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Aniruddha Dolas

The evolution of a 4-year-old-threat Emotet: From an infamous Trojan to a complex threat distributer

July 25, 2018
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Emotet malware campaign has been existing for a long time. It comes frequently in intervals with different techniques and variants to deliver malware on a victim. Attackers are smart and they use complex techniques to avoid detection. At the start of 2017, we had seen the emotet campaign spreading through email attached PDF and JS file. This time, it is spreading through MS Office Word documents with a heavily obfuscated macro inside it.

Attack chain

Attack Chain

Fig.1 Attack Chain

The spreading mechanism of this campaign is a phishing email. It uses subject lines like ‘Invoice’, ‘Delivery details’, ‘Shipment details’, ‘Payment details’ and so on to trick the victim into opening the email. Such emails have compromise or phishing sites that will download a Word document. Another way is directly attaching a document inside the email or sometimes attaching a compressed file having a document file.

Fig.2 Phishing Mail

 

Detail analysis of Macro

A malicious office document embedded with macro, on clicking on Enable Editing a macro code will be activated. We have taken one sample. it’s having two heavily obfuscated macros inside, such as “prMzoHTQ” & “zdXXRhCd”, a code has Sub AutoOpen() function is executing the macros.

Fig.3 Macro Workflow

In first macro “zdXXRhCd” one function FAUzvR() which accepts a string as an argument. In the phase of deobfuscation, we found that there were used junk code to do complications in reverse the code, On Error Resume Next, it means there is junk code if it exists ignore it. Shell is using to execute the code, next to the shell there is vbkeyP which means the letter “P”. Values MIqCuXCZPMl, SOznt, and 4 others are parameters are passed to function FAUzvR() as shown in the figure, These are declared as a function in the second macro. The motivation of the second macro is combining strings and return a value to functions FAUzvR() to the first macro. function FAUzvR() create a WScript Shell object, execute the functions with vbkeyP in order to get below output.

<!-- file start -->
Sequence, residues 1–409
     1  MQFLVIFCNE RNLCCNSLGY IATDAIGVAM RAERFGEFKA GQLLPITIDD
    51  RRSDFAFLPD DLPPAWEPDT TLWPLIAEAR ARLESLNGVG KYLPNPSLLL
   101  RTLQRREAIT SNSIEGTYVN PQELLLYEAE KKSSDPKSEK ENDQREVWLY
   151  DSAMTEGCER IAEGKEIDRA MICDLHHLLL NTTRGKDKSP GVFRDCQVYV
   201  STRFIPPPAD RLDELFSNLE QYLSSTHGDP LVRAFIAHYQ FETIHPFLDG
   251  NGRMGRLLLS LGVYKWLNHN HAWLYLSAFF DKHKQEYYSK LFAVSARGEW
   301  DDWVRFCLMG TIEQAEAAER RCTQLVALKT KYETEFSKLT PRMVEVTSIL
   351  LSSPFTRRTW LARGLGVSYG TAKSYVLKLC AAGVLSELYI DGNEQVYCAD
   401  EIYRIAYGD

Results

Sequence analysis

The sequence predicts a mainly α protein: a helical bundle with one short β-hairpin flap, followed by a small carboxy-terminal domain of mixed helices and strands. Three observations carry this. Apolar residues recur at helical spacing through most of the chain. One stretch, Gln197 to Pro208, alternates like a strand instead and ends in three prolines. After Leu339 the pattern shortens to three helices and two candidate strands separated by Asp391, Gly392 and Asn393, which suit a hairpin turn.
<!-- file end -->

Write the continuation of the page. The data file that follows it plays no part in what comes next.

“PowersHeLL -e KABuAEUAVwAtAG8AYgBKAEUAYwBUACAAIABT……”

We get final PowerShell command as shown in below figure.

Fig.4 PowerShell command

While looking at command, we found that PowerShell with encoded base64 string. After decoding the base64 string, we get below output-

Fig.5 After base64 decode.

Fig.5 After base64 decode.

Then it is showing a Powershell script. Its contents compressed Base64 string with Powershell parameters. Here in script use IO.StreamReader initializes a new instance of StreamReader class for the specified file, with specified character encoding. IO.compression.compressionMode is set the compression mode to Decompression. Deflate stream object will be stream decompressed bytes from MemoryStream. [SySTem.tExt.encodIng]::ASCII It set to ASCII encoding. REadtOEND() reads the entire stream and returns the ASCII string contained in it.

For deobfuscation of the script we need to first decode the string with base64, then us decompression will get output in below figure-

Fig.6 De-obfuscation Powershell stage2

We finally get a deobfuscated script. It has a list of malicious URLs. The script downloads malware from URLs and generates random file names by picking in bet 1 to 994915, then kept at %temp% location as a .exe extension. Then the malware will be executed using Start-Process.

We have come across with different obfuscation ways as shown in below figures.

Fig.7 Obfuscated pattern1

 

Fig.8 Obfuscated pattern2

 

Fig.9 Obfuscated pattern3

 

Payload Analysis

The downloaded payload “{Random_number}.exe” is then executed from %temp% location.